Herman Miller was the premier sponsor for CUSP conference this year and several members of our team had the opportunity to attend.
The overarching message of the 27 different presenters was this: stuff is broken – Healthcare, Fashion, Farming, Politics…and if the speakers stopped there it would have seemed like a pretty bleak conference.
But fortunately, for the attendees (who spent $1700 a ticket) it got better. A lot better. Using words like innovation, biomimcry, sustainability, open source, reimagining, collaboration, and disruption an array of diverse presenters went on to tell us stories and share ideas about how to make a change.
Presenters like Jay Parkinson, MD who left the convention of the traditional medical world to co-found Hello Health: a “Facebook” like platform for health care. With the help of social media, Dr. Parkinson is reinventing doctor-patient experience with a focus on engagement and well-being. (We interviewed Jay last year. You can read the interview here).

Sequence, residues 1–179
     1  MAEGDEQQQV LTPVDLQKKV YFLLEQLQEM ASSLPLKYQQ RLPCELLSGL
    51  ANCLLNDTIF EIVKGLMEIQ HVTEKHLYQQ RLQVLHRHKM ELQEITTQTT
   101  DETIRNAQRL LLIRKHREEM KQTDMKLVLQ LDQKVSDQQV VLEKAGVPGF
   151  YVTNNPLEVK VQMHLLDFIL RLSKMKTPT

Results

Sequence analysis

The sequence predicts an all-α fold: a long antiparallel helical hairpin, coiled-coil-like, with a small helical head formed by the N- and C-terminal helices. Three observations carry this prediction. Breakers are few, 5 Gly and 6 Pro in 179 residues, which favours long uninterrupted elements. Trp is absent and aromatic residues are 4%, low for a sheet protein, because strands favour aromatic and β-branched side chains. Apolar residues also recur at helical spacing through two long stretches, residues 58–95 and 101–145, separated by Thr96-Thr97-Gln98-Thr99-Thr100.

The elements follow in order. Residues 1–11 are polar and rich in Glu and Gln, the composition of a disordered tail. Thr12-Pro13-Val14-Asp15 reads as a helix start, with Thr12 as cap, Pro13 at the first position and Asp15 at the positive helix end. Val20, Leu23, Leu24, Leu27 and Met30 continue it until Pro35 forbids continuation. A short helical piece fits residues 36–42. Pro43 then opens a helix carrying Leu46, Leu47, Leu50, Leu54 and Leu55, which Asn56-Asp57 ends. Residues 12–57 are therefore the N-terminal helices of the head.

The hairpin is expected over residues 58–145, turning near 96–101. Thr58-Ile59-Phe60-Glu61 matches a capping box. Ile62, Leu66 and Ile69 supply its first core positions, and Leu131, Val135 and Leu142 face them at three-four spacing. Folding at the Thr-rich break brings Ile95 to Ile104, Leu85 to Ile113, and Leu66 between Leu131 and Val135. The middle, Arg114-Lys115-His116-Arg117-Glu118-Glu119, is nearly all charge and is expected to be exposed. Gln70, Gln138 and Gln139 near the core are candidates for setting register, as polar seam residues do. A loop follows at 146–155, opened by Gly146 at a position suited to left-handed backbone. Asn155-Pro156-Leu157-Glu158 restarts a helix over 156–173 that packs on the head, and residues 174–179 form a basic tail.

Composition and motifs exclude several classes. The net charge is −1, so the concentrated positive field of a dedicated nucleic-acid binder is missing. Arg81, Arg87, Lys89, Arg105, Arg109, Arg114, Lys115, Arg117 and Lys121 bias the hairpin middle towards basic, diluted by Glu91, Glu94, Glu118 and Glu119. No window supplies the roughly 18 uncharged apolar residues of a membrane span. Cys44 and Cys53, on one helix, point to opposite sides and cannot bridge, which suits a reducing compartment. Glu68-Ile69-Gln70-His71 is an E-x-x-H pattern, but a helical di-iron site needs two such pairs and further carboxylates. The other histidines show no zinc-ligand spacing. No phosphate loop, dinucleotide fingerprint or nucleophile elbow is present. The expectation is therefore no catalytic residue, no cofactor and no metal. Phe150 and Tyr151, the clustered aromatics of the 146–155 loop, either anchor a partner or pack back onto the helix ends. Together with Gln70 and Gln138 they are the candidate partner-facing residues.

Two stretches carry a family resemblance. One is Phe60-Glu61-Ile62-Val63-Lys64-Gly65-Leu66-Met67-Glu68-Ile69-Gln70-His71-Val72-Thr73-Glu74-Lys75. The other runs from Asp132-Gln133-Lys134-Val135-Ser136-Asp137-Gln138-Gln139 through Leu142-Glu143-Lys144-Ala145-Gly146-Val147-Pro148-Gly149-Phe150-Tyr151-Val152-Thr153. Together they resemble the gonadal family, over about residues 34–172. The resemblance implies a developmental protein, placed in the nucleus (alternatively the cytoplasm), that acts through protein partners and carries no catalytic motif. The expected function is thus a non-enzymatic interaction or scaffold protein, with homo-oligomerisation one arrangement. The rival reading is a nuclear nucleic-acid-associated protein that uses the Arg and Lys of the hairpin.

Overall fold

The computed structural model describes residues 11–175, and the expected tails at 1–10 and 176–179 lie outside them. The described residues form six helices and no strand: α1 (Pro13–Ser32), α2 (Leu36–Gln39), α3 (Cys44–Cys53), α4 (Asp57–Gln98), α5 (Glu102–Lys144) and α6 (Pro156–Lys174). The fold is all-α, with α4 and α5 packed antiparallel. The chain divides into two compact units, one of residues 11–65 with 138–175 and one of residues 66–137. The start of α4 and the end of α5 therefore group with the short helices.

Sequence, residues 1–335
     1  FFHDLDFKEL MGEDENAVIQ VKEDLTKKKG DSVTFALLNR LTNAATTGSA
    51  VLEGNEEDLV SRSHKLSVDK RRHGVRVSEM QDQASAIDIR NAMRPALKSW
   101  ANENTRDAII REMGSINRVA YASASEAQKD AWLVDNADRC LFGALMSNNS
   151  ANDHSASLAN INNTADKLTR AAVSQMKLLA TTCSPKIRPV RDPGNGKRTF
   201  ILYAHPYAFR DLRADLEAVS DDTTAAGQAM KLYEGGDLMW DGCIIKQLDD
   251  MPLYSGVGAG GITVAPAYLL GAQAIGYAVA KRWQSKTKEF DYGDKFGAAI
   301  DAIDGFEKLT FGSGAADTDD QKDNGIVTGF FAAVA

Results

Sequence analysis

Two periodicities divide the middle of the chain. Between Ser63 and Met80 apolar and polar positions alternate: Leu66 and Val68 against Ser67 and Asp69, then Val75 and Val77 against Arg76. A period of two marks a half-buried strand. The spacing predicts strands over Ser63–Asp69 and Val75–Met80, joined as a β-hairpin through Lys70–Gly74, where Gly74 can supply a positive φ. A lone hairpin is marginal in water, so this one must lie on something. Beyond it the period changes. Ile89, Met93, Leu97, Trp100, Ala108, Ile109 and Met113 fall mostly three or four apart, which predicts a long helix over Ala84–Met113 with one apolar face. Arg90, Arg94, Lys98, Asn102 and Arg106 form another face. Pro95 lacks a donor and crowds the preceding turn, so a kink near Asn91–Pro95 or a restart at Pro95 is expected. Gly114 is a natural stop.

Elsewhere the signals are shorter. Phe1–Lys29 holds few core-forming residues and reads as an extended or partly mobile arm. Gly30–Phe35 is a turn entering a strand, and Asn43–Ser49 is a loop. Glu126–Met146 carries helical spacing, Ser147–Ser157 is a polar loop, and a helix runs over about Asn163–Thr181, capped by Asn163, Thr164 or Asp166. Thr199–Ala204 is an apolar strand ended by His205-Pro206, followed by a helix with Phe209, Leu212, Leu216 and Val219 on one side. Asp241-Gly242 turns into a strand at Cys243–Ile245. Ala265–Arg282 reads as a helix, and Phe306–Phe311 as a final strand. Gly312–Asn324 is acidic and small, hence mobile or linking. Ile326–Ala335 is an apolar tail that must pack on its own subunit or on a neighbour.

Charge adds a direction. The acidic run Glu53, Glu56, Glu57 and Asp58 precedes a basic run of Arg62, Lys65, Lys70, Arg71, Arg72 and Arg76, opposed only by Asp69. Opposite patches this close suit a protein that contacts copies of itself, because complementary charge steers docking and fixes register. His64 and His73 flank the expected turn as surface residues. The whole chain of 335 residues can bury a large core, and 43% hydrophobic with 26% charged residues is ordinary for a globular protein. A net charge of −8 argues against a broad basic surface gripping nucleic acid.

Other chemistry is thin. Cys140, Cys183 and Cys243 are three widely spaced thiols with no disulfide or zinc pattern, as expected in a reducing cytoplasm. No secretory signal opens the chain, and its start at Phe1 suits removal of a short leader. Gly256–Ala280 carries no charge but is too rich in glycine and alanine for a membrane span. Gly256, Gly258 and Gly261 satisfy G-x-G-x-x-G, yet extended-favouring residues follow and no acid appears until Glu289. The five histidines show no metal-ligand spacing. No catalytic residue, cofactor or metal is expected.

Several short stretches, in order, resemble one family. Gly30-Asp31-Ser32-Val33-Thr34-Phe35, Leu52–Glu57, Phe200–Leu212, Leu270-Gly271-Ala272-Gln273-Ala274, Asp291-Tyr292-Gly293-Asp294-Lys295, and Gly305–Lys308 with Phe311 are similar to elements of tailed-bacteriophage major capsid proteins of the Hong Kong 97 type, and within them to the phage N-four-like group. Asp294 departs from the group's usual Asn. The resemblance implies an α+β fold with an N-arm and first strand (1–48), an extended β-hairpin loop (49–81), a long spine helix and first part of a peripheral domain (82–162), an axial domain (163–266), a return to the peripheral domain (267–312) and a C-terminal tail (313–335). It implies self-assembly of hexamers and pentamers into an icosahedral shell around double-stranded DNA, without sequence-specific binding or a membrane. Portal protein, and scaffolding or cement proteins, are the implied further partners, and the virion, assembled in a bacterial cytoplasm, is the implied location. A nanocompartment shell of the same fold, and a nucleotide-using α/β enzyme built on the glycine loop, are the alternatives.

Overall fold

Natalia Allen – a surfer, designer, and member of Fast Company’s 100 Most Creative People in business. At only 22 years of age (just a year after she graduated from Parsons School of Design) she founded Design Futurist, a New York based design consultancy that is using modern technology to create eco-friendly and socially responsible products that are free of “gimmicks and greenwashing”.
And Josh Elder, an award winning cartoonist and graphic novelist convinced the CUSP audience through humor and wit that one of the best ways to promote literacy and improve educational outcomes for all students is to integrate comics into the curriculum.
At the end of day, the collective CUSP experience seemed to reflect a very healthy optimism about a better world. It felt like a rallying cry for a broader audience of potential collaborators to drive innovation in teaching, farming, science, fashion, computing, entertainment… everywhere people live and work. And we like this.